Tiger’s Eye – or Cat’s Eye – is the name of a very unique and mystical looking gemstone that resembles a feline’s eye. Its colour ranges from light to dark brown with shimmering bands of golden highlights and its refraction of light creates a stunning gleaming effect. As a metamorphic rock, Tiger’s Eye goes through a transformation caused by extreme heat. This is what gives it such beautiful colouring. This gem is mined mostly in Africa, but it can also be found in Brazil, Australia and some parts of the United States of America.
So now you know a little bit about Tiger’s Eye, let’s take a look at some of the ancient myths associated with it – and there are plenty.
Tiger’s Eye has fuelled the imagination of mankind since it was first discovered by ancient civilisations. Thought to be a symbol of strength, confidence, bravery and good fortune, Roman soldiers wore this stone for protection when they went to battle, usually in their breastplates. It was hoped the stone would also give them the strength and patience of an actual tiger. The gem was also worn to shield against forces of evil. It was said that Tiger’s Eye could ward off wicked curses and keep the wearer safe from ill wishes.
The Ancient Egyptians were also in awe of this visually striking rock, believing it to be one of the most prized gems of the Nile River Valley. According to legend, the stone held the power of the midday sun, the hottest time of the day. Pharaohs and other high-ranking aristocrats wore jewellery carefully crafted from Tiger’s Eye believing it would give them power, vitality and strength. Egyptians also saw the stone as an ‘all-seeing eye’ and used it to make eyes for the statues of gods. Tiger’s Eye was even placed in the tombs of pharaohs in the hope it would help them to navigate the afterlife.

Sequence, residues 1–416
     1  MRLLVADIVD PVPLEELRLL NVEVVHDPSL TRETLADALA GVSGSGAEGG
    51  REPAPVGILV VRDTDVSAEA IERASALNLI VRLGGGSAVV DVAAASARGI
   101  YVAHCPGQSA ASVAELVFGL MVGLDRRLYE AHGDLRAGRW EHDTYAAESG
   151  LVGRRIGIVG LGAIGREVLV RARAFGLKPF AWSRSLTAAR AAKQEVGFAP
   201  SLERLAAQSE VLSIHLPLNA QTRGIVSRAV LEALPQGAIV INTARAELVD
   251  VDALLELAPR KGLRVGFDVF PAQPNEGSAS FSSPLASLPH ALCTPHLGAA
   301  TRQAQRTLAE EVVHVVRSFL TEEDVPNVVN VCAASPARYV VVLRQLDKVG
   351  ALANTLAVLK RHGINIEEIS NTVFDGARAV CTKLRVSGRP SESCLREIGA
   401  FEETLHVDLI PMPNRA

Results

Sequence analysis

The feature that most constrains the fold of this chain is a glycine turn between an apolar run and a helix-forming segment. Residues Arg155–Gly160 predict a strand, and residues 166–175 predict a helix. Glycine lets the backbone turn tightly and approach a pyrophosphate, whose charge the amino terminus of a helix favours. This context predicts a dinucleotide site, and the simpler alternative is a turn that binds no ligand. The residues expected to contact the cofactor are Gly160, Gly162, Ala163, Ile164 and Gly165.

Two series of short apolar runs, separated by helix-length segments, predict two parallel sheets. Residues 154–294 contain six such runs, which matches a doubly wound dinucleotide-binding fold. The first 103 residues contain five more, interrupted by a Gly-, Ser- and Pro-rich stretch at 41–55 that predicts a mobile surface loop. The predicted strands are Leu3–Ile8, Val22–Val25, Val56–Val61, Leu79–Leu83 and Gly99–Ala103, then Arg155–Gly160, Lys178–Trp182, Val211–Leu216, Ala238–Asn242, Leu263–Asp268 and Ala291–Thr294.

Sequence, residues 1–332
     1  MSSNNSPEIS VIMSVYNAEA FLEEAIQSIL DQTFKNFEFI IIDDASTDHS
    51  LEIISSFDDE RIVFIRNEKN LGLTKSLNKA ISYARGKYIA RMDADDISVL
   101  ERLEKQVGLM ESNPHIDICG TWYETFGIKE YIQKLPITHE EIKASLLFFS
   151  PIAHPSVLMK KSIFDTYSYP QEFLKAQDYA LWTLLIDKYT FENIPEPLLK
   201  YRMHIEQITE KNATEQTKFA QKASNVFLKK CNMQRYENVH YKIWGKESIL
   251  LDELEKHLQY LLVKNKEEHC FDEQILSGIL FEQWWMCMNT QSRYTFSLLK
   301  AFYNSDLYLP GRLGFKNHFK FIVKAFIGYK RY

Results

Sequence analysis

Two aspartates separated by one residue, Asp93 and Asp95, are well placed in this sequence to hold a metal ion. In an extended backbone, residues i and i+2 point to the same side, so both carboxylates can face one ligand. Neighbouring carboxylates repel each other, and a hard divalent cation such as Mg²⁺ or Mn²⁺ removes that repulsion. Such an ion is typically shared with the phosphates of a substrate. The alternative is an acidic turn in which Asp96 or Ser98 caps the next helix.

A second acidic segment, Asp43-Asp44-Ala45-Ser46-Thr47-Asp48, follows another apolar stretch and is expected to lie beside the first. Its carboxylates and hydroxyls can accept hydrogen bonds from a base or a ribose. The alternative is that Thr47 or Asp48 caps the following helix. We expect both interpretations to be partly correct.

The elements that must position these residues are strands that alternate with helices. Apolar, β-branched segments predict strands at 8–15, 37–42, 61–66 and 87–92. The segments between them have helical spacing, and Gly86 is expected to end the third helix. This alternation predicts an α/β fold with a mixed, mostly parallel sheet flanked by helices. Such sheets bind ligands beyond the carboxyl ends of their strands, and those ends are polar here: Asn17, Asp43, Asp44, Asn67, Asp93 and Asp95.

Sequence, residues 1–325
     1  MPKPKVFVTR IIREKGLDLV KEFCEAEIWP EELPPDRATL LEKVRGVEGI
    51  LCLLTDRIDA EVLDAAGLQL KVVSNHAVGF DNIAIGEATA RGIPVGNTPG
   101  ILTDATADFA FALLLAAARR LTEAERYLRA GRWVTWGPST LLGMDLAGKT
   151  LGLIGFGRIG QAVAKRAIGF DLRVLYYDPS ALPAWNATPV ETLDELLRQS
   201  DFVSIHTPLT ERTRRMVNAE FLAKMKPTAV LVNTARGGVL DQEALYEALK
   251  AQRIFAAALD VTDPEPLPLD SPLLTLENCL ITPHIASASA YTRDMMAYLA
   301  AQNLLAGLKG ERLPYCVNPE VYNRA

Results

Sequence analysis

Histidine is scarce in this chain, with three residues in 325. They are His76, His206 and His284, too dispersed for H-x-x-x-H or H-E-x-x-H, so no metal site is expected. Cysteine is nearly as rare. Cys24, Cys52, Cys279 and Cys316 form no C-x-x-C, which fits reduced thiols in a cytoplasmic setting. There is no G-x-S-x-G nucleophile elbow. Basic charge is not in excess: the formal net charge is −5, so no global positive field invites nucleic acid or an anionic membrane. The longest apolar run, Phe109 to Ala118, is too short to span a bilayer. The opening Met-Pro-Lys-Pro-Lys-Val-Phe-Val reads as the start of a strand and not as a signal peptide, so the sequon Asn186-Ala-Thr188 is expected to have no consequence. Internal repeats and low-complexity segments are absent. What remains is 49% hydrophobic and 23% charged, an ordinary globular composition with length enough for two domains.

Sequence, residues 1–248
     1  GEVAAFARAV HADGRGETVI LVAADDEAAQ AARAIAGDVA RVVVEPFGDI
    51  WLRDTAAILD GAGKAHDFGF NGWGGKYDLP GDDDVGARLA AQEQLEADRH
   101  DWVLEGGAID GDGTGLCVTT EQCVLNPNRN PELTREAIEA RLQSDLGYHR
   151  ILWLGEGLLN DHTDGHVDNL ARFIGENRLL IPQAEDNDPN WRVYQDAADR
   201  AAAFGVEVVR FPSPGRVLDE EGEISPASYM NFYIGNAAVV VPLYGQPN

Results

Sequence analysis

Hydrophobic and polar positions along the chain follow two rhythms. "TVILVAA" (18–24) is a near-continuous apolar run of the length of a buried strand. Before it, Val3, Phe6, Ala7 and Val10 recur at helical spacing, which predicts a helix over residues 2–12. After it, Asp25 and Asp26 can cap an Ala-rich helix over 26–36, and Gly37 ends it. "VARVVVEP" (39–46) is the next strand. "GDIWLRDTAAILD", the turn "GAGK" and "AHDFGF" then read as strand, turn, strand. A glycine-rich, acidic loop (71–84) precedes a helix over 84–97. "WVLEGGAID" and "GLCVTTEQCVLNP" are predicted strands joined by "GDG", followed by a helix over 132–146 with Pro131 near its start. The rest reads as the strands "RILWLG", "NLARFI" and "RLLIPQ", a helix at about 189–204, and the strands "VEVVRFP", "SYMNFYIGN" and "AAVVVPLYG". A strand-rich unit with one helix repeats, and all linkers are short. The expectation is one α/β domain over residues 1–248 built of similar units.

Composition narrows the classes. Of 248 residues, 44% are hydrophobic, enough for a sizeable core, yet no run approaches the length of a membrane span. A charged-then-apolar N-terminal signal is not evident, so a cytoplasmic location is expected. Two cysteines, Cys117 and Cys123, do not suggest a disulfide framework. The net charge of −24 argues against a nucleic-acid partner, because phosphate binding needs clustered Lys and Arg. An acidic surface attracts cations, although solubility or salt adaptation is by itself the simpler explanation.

You might have heard of Feng Shui before. This is all about balancing energy in order to live a peaceful life and is an ancient Chinese practice. For years, Tiger’s Eye stones have been placed in doorways to encourage a protective energy. They can also be placed in rooms where decisions are made, for good fortune. Many parents also place them in the bedrooms of their children to enhance self-confidence, bravery and willpower. Tiger’s Eye stones are believed to keep people on the right path, ensuring they make good decisions.
The Tiger Who Came to Tea will be roaring its way back to London this summer! Playing at the Theatre Royal Haymarket in the West End from 11 July until 4 September 2022, this is one of the best London attractions for kids aged 3+ this summer, so why not book your tickets and enjoy a day out to remember? The show runs for 55-minutes long and is based on the popular children’s picture book by Judith Kerr.